FOR THE RUGGED SURF
For GTs and other big fish, we fish 12 weight rods but 11 weights would be fine, too. You fight a GT with the butt section of the rod and even more so on your reel, so whether it’s an 11 or 12 weight doesn’t matter much. Fast action saltwater models will load your line fast, with reel seats and guides that will survive the salt.
We recommend bringing a backup rod in case of breakage. If you are traveling with a friend, one backup rod between the two of you should suffice. You are not lifting heavily with the rod – the pressure is mainly applied with the heavy drag of the reel.
Still, things can go wrong in the hectic moments of hooking, fighting, or landing a strong fish – and, as we all know, shit happens…
Whether you want to carry one or two rods is mainly a matter of personal taste. Occasionally, we do – most often we don’t. We don’t believe in changing rods after having spotted a fish.
Most shots at GTs occur during a window of seconds, so nine out of ten times you don’t have the time to drop the lighter rod in the water (forget all about reeling in the line and putting it away), and get the heavy rod ready for a shot.
If you are targeting GTs, we recommend that you focus on GTs. If a snapper, barracuda, shark, or a nice bluefin comes along, just show it your GT fly and see what happens.
If you hook a decent GT (that’s anything of more than 4-5 KG) you will need a reel with a good drag system. For bigger fish (8-10 KG and upwards) you need a reel with a good amount of drag pressure.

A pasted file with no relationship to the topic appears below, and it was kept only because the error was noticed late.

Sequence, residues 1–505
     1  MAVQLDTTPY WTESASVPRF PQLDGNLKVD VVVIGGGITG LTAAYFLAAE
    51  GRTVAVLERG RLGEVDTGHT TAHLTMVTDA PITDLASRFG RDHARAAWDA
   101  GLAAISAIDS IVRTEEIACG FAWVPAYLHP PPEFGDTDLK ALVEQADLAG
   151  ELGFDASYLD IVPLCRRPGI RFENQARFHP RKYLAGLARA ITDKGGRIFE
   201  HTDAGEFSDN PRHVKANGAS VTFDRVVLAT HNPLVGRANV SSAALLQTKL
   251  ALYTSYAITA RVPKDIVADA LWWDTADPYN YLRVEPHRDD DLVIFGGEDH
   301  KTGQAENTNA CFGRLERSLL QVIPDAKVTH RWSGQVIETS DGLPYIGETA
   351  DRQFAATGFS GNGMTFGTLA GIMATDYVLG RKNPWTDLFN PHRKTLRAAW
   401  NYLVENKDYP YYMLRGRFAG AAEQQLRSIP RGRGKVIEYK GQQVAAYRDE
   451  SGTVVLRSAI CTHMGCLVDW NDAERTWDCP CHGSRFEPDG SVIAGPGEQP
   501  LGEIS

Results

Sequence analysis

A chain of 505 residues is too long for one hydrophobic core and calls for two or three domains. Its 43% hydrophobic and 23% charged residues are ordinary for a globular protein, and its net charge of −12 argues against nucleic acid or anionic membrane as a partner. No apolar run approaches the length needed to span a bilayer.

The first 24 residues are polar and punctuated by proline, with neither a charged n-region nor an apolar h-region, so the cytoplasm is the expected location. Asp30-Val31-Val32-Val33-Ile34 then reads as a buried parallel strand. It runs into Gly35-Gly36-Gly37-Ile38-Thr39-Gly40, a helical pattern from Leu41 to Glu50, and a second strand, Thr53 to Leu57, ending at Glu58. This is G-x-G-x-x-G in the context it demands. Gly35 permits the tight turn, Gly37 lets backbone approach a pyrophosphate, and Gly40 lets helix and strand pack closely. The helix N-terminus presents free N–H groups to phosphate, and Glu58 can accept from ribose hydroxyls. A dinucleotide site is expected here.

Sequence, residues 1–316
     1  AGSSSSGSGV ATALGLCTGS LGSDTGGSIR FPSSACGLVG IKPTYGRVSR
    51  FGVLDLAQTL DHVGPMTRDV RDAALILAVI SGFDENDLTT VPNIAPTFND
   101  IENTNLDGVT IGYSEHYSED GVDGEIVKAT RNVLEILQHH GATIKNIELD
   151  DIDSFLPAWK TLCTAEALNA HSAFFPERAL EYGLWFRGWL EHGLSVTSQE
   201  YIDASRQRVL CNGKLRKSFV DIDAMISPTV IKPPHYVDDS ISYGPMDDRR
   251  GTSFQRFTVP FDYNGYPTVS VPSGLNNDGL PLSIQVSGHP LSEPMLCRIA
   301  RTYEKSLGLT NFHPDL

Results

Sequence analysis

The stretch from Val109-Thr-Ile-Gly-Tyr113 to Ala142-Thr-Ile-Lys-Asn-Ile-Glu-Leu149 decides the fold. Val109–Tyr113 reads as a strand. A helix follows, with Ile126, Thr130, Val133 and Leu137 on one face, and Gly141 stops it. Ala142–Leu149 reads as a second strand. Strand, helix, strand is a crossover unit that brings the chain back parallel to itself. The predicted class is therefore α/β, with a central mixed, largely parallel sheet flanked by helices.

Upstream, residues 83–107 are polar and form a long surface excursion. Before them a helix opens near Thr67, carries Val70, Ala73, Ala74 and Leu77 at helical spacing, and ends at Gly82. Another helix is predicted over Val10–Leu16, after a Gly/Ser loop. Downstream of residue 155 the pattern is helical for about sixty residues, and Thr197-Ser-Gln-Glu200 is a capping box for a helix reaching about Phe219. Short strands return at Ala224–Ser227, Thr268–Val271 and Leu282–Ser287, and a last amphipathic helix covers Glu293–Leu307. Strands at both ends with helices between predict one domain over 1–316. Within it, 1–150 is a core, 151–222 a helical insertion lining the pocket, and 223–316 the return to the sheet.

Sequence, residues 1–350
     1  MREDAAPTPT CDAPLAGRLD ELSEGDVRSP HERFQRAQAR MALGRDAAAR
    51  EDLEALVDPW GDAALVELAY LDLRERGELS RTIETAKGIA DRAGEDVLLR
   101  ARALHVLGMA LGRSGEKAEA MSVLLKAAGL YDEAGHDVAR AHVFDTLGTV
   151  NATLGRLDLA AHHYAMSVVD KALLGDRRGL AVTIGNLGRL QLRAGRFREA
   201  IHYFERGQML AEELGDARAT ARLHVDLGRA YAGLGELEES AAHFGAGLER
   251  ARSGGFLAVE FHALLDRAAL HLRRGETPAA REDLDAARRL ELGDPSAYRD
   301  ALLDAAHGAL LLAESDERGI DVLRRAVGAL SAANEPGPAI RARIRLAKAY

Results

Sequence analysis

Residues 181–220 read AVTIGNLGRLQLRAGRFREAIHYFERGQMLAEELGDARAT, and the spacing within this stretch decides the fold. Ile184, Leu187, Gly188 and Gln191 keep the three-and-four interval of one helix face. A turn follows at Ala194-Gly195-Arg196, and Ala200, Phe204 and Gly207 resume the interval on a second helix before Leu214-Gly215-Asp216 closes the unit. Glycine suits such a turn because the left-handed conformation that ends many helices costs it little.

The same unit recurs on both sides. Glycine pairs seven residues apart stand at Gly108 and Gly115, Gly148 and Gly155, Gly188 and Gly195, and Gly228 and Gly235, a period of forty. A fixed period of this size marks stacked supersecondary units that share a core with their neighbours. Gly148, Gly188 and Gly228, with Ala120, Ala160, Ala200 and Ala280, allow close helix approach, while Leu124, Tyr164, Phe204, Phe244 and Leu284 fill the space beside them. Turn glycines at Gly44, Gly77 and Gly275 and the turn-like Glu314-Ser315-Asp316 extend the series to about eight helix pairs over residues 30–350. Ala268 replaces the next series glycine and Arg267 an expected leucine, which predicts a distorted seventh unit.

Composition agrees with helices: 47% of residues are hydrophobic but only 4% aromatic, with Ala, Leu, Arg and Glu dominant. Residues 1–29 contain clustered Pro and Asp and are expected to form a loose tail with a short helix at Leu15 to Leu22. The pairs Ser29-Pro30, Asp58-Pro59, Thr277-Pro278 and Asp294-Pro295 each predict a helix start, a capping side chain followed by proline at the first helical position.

The only way to stop, or at least slow down, a GT hooked in shallow water is heavy drag pressure. You will be fighting the fish on your reel, not your rod.
We recommend fly reels with sealed drag systems. This is a different scene than boat fishing. Your reels with get submerged in saltwater all the time and not all reels will tolerate this kind of abuse.
Whether you have 200, 300, or more meters of backing on your reel is a matter of personal taste. Most likely, you won’t see too much of your backing, even on a bigger fish, because you must do everything to try and stop it.
On the other hand, if you hook one of the really big GTs that sometimes come onto the flats (we are talking fish of 130 cm/45 kilo+) then you might see a lot more than your first hundred meters of backing …
For both setups, you need a floating line made for tropical saltwater.
For your big fish rig, the 11-12 weight setup, you need a floating line made for tropical saltwater with a really strong core. Some lines cast well but don’t take much abuse and break too easily if they touch rock or coral during the fight. We will send you our current recommendations.
If you are traveling alone, bring a spare fly line. If you are traveling with friends, just make sure you have a few extra lines between you, in case some of you get “reefed”.
We use fluorocarbon from 80-130 lbs for our heavy setup. Not because it is less visible under water but because it is more abrasion resistant. (Others prefer monofilament because it is less expensive and easier to tie knots with). Forget about bite and shock tippets, we are always fishing the heavy leader straight through.
When you have settled in at our GT-camp for the week, we will be happy to help you build your leaders and rig up. Or, we can send you instructions before the trip. Rigging correctly is vital. You don’t get that many chances at big fish so you want the odds in your favor – every time.
When signing up for one of our trips, we will send you a detailed list of what to bring. From advice on the best-suited clothing and the ideal combo of wading shoes, socks, and gravel guards to all the little things that can make a big difference on your trip.
We’re known for our very detailed Pre Trip Planners and if there are any unanswered questions, we’re happy to help you get everything sorted out before your dream trip.